lie couldn't 'inlet the exewple
belie wade stroug,ieve, but 1 laud% regret
To say that he acted the wale coquette—
. That ironst of the tiend's Inventions!
The delusion lasted a month or so,
.ind the greatest pleaeuee that Belle could know
Was rldlOg or walking with Dashe to go,
In some quiet part of the city.
Dot she very soon found the trifler out,
And learned, beyond the ghost of a doubt, '
That ha gallantod othoryouog ladles about— •
Indeed, 'teas a very groat pity I
She cried a little, and said that she
Could never hear her rivals to see
With her quondam lover—that it would be
..tterrible'ahame and odium.
But pride Ocoee in the nick of time, • •
And dried her team—stupid things—lln rhyme;
(They're only waler and phosphate 'et linie,
With a little eblorati of eodium
So elle sought be: brother and told hien ant
Wheietit . he proceeded, at once to call '-
Upcin Jpasho, whose countenance sulfernd a till
As bad Ile the fall of Adeup
Sithl . Lacey, 0 1 wish Jon, sir, to do '
One of two things, which 1 leave to you :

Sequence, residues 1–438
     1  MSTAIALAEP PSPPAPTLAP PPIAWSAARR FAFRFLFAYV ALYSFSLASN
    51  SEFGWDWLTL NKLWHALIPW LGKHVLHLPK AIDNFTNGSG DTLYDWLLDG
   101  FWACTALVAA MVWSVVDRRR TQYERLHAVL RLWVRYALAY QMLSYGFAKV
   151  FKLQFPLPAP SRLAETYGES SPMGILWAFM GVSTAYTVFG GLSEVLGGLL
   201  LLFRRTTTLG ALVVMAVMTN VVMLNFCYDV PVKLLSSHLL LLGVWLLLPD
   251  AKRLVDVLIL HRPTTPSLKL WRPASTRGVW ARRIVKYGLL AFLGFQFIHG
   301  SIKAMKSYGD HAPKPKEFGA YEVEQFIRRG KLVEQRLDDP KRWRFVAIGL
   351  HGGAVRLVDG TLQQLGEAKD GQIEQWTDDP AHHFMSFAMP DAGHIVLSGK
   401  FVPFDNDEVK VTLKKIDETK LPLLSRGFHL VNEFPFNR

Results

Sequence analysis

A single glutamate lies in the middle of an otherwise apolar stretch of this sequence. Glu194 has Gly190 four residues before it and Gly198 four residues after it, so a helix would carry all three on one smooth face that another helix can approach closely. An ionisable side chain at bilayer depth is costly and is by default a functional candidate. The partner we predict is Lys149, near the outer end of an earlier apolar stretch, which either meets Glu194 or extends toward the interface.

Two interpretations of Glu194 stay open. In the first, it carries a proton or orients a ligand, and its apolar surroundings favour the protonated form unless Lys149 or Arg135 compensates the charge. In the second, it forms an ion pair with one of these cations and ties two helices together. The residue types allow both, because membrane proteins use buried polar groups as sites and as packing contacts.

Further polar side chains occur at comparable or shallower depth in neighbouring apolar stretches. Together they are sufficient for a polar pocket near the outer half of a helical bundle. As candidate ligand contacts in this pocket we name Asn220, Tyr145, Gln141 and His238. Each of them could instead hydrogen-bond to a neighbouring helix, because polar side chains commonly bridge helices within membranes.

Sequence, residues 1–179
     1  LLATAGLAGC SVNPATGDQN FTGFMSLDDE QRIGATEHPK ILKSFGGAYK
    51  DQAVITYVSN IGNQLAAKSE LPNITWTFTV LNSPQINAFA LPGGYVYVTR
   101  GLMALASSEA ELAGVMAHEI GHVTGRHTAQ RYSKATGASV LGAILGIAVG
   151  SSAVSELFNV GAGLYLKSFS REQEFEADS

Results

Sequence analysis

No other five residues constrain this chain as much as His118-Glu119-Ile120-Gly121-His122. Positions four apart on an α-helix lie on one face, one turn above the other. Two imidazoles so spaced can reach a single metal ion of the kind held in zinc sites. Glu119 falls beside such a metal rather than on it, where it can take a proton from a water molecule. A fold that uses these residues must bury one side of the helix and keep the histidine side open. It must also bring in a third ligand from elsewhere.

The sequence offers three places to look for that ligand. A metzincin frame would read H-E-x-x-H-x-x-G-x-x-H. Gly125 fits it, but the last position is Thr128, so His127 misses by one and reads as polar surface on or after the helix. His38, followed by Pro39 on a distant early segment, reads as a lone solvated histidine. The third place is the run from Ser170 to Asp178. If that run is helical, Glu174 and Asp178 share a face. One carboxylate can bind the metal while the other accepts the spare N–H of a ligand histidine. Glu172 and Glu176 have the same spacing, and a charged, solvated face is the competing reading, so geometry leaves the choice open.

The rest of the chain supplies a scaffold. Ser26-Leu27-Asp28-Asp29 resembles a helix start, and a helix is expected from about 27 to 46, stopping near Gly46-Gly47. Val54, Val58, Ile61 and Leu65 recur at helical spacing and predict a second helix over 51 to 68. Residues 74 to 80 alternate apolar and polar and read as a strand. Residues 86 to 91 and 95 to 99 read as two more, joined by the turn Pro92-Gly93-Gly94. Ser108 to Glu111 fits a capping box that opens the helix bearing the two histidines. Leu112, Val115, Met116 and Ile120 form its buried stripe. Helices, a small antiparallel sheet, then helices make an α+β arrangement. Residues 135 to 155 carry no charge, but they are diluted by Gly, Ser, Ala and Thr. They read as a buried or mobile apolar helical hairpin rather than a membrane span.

Drop this, If your lowa are false; if they're true,
Go make Mu Lacey a madam 1"
"It is none of your business," liatheniplied,
And counsel you, sir, If you wish your hide .
To remain Intact, to keep back yourprida • -.• •
• lrcir a more susceptible victim I"
On the word young Lacey gives two smart blown,
One on tbeJaw and one on tlie nose?
And bead overleels Dodo suddenly goes,
• As if a donkey bad ticket!. kalif
Ills bead struck Just where the finder lay. . .
And be saw more stare, ma Pre beard him tab
Than ever were teen in the Milky Wet, _
; ' firths tiefd of our national banner.
lie flan!, buj Levy bad vanished like smoke
Alter perpetrating tills practitelJebel
And /Mahe discovered his head waabroko
e mos eatual manner...
A bit) bane Indeig, wail : wee! "
The breakage Indeed wasvery.severe, •
And the thing to be; done was 14 no means clear,
, Pori roan whir Contusion :
_ill it, Lie rows to tlelib had been brokCn In tnalio ' ;
Then, the poor girl's heart was broken, and then
'llls bead wee brokeriby Way of t'Atueni"--
A neat and letting conclusion I •
- -t4, - •.PAPIM
, : POR • 4"Al4ZWeasoz4oA.
• From the Home Jouroei
IL was about eleven o'clock when my young
man waited upon the lady,itt. My previous
favorable impressions were fully'contirmed by
heK appearance. I did 'not think her hand.
some, certainly in the style of
She was a small woman,fight.footpd and Alen.
der, with aisuany;pleaeant faeC,Wrlkicit might
have testified to thirtyrfive initiallers,' but no